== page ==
I Do Not Understand 3-12-17

In this sermon, taken from John 3:1-17, I explore the odd encounter between Jesus and Nicodemus. A grammatical situation reveals the truth, that often we lack the ability to understand what God is up to.

You can listen to the audio of the sermon here:
https://soundcloud.com/revdalen/i-do-not-understand-3-12-17

You can also follow along with the text of the sermon here:

Grace and peace to you in the name of the Father and the Son and the Holy Spirit. Amen

Just out of curiosity, is anyone out there fluent in Spanish? I am not…I know just enough to be dangerous…and I truly discovered this fact during my final year of seminary as I spent two weeks in a congregation with a large Hispanic population.  Throughout the course of the time that my small group of classmates and I were in the congregation, we met with many different individuals for conversation…and that would always include one of the two pastors present for the purpose of translation…but we all attempted to communicate with one another directly in one another’s language, at least as much as we were able.

Now for me…my one year of Spanish my sophomore year of high school didn’t do a lot of good…and my ability to communicate in Español was pretty much limited to introductions. Time after time we would go around the table introducing ourselves…and each time I would say Mi llamo es Scott…which literally means “My name is Scott.”  Now, grammatically, there was nothing wrong with what I was saying…but after hearing several others from my group introduce themselves I started to pick up on the regular way for a person to say it. Soy Scott…now saying it this way literally means “I’m Scott.” (pause) Again, neither one is technically right or wrong…they are just two ways to say the same thing.

Now the polar opposite situations happens in today’s gospel lesson. Rather than hearing two different ways to say the same thing…we begin to discover one way of saying two different things…but first, let me set the stage.

We’ve moved into John’s gospel…where we’ll remain for the rest of the season of Lent…and perhaps that’s not a bad thing…maybe its fitting during this season we usually consider pretty dark as we move towards the cross…and if you’re familiar with the major theme here in John’s gospel it’s the idea of light and darkness…and the contrast between the two…we hear this theme all over John…as the narration of different stories continues to give us little clues about the state of things…telling us the time of day or that an encounter happens at night.  (pause) And in our story for today…that bit of narration is right out there.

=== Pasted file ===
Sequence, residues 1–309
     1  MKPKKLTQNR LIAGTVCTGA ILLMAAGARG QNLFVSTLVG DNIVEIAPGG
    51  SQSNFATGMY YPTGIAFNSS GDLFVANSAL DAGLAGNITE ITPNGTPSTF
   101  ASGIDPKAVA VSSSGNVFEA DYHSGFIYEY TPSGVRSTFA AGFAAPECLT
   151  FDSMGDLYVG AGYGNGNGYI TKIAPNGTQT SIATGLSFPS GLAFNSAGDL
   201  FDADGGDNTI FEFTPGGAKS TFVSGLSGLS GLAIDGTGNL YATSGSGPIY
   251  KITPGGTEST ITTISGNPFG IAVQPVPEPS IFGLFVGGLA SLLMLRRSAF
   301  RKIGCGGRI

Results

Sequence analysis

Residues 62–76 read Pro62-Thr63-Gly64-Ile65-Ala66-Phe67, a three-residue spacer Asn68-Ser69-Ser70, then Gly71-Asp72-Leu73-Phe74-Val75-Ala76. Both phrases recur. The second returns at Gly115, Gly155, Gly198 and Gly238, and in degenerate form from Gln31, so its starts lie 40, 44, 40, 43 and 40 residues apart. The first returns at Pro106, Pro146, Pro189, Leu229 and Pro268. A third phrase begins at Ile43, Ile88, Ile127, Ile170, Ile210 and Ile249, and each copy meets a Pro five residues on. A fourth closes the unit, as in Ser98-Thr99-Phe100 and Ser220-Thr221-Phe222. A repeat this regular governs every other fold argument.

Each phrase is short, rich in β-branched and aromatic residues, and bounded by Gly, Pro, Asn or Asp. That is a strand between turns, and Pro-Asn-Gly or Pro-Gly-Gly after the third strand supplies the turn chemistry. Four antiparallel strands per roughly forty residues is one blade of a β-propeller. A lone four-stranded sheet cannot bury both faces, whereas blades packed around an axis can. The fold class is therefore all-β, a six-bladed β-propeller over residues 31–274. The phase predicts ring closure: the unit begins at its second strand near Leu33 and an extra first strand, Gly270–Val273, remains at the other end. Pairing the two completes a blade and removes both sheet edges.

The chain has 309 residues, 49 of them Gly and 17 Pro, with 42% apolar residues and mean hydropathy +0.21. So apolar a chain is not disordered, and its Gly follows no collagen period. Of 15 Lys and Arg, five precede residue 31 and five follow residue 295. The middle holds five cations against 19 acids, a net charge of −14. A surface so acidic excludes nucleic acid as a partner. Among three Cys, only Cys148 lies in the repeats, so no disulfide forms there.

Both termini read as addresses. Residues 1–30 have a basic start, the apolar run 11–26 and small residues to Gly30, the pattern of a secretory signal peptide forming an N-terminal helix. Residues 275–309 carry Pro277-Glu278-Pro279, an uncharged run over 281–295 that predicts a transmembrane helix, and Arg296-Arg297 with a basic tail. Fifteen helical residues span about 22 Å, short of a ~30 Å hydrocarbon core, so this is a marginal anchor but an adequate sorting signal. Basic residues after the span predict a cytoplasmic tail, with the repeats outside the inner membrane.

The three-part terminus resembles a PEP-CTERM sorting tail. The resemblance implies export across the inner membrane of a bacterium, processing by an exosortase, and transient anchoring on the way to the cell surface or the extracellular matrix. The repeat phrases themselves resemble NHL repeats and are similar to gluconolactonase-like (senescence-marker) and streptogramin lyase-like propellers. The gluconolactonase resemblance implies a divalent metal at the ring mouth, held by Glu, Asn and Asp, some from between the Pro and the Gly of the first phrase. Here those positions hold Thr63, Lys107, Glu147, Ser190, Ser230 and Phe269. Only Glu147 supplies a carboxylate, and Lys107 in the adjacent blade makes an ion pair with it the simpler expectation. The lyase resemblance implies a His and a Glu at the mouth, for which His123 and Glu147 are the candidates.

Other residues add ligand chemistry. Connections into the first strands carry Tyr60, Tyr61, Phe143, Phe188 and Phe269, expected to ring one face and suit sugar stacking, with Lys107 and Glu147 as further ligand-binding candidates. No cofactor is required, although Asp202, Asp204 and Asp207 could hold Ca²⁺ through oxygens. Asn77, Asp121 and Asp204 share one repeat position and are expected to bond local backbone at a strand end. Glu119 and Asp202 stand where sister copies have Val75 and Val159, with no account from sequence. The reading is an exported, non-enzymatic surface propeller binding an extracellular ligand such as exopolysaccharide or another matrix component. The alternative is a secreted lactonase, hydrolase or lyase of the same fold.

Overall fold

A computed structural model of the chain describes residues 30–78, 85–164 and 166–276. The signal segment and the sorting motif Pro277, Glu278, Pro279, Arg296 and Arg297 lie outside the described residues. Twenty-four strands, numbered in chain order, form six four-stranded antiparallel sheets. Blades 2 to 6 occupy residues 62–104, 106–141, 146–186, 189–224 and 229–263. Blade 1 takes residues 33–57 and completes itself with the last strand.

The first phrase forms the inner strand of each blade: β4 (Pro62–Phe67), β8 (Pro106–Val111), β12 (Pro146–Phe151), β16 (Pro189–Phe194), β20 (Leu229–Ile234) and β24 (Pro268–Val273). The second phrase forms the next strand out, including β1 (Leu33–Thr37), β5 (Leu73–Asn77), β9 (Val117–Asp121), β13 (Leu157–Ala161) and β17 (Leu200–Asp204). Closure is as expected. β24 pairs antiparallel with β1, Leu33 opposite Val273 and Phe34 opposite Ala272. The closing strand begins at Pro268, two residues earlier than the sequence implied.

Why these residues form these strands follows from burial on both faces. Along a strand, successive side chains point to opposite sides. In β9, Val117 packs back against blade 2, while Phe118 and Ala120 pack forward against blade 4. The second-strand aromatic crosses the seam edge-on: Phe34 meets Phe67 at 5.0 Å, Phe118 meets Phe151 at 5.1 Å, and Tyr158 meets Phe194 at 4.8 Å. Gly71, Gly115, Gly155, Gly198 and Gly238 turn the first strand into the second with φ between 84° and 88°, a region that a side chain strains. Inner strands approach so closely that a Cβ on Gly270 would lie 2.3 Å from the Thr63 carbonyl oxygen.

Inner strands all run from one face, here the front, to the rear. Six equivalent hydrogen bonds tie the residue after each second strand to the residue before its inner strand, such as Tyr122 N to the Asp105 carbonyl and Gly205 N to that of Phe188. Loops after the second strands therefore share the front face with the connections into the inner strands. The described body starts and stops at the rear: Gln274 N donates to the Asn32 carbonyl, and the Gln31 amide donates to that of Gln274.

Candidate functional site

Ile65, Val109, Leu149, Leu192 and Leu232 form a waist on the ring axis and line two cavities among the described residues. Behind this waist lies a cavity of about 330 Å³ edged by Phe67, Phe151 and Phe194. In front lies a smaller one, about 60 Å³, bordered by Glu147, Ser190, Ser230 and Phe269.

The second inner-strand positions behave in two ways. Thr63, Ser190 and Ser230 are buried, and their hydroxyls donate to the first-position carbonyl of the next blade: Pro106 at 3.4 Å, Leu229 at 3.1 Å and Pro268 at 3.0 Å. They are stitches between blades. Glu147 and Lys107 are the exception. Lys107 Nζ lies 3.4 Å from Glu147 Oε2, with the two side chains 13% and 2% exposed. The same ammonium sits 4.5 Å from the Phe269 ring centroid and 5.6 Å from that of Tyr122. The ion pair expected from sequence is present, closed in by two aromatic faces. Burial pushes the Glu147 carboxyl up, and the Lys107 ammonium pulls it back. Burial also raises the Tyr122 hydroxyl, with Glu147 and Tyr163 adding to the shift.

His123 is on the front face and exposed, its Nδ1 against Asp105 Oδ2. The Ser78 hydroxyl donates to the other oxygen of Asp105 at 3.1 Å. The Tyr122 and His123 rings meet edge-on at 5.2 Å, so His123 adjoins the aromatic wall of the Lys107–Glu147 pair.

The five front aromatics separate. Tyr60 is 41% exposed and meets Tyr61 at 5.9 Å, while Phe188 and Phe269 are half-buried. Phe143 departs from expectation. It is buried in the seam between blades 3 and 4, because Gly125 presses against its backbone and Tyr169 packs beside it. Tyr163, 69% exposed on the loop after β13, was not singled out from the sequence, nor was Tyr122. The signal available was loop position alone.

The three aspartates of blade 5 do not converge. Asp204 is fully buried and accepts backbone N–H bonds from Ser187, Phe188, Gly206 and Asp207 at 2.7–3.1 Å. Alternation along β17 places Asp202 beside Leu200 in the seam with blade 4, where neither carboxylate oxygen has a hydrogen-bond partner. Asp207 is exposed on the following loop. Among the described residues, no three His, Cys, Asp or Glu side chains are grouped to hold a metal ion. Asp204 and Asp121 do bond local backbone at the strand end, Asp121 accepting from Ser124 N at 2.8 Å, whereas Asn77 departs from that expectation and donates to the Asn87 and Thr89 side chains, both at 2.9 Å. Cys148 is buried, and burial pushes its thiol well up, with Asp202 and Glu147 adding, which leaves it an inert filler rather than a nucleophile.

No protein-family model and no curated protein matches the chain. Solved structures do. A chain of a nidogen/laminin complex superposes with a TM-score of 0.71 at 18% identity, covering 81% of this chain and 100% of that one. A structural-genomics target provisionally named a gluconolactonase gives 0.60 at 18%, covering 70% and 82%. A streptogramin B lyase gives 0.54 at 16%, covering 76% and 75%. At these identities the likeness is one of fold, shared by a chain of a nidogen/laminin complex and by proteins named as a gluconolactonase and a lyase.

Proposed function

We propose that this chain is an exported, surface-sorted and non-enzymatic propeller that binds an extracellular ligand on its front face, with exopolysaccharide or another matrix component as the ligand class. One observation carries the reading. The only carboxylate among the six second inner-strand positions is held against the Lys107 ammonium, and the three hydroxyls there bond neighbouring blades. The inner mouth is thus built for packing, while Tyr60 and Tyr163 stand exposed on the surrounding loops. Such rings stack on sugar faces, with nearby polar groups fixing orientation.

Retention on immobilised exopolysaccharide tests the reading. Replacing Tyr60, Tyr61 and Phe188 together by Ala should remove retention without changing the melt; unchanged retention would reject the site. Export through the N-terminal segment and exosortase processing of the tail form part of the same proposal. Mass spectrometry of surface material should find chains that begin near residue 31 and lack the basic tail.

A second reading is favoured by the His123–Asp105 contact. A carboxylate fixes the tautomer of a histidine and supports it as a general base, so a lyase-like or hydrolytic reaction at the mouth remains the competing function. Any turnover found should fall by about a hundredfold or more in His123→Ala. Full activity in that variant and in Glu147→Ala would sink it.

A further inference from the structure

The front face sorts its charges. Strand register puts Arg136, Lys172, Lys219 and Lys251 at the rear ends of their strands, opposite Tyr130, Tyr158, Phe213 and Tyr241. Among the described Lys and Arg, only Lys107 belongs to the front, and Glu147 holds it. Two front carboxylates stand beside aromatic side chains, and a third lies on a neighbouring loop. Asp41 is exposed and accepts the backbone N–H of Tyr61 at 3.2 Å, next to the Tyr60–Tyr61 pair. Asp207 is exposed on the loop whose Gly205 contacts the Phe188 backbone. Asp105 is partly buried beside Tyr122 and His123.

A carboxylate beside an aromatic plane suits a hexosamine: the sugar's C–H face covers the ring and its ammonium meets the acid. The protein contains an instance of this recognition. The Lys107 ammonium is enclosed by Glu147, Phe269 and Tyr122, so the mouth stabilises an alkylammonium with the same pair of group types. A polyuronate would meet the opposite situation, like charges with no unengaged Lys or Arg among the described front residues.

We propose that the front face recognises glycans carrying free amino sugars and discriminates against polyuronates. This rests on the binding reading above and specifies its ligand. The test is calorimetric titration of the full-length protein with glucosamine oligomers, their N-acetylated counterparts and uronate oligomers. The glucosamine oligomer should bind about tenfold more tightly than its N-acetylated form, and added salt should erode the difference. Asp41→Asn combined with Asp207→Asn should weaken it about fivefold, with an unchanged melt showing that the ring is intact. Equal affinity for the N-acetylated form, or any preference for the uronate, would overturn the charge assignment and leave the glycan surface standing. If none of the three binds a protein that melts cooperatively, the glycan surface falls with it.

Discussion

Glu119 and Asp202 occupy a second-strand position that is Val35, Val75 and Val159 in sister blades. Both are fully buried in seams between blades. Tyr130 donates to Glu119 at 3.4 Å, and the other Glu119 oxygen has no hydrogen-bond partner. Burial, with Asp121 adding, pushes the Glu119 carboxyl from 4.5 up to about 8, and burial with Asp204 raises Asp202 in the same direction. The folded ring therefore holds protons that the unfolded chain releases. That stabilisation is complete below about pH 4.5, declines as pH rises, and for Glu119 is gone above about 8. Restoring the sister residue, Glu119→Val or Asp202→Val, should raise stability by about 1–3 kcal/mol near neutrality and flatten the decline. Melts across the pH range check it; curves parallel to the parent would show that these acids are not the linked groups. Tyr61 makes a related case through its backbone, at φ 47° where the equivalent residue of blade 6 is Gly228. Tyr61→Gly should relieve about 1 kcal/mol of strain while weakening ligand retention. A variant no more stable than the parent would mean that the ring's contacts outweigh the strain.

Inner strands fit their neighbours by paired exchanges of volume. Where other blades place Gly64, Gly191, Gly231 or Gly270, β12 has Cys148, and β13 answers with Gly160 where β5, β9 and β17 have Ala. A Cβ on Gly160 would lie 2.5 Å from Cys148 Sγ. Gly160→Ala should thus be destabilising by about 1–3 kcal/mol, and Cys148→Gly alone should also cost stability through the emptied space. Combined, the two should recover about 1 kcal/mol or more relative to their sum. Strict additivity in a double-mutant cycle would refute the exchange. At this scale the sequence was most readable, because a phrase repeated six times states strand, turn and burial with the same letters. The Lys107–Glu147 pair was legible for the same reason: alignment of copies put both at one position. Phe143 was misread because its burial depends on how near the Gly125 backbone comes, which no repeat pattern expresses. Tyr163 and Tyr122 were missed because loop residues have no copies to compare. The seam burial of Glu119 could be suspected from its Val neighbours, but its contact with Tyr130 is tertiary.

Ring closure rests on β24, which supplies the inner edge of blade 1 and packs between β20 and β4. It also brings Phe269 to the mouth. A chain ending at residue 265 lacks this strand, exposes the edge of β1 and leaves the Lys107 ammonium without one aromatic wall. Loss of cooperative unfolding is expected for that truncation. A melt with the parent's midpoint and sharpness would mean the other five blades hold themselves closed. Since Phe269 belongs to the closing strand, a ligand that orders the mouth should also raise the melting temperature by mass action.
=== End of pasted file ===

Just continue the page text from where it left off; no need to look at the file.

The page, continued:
There was a Pharisee named Nicodemus…a leader of the Jews…He came to Jesus by night, calling him Rabbi…seeking something. Now this all happens in Jerusalem…and of course we’re pretty early in the whole story. Jesus has been baptized…he’s publically performed his first miracle…or sign as they’re called here in John…and he’s made his way into the capital city for the first of 3 Passover celebrations…he’s already caused a major stir in the temple when he started cracking a whip and throwing a bunch of tables around…and since then he’s just been around the temple…performing more signs and teaching. And this is where we pick up.

Nicodemus is one of the big wigs…not only is he a Pharisee, but he’s also a member of the Jewish ruling council.  He’s kind of a big deal…and if we were to compare him to a present day figure, we’d probably call him a Seminary professor with 3 or 4 different PhD’s. This guy…he knows his stuff…anything having to do with Jewish culture or their religion, or their faith, or their understanding of the law…he’s your guy…Nicodemus was the 1st Century Jewish equivalent of Google…if you had a question you went to him…not the other way around.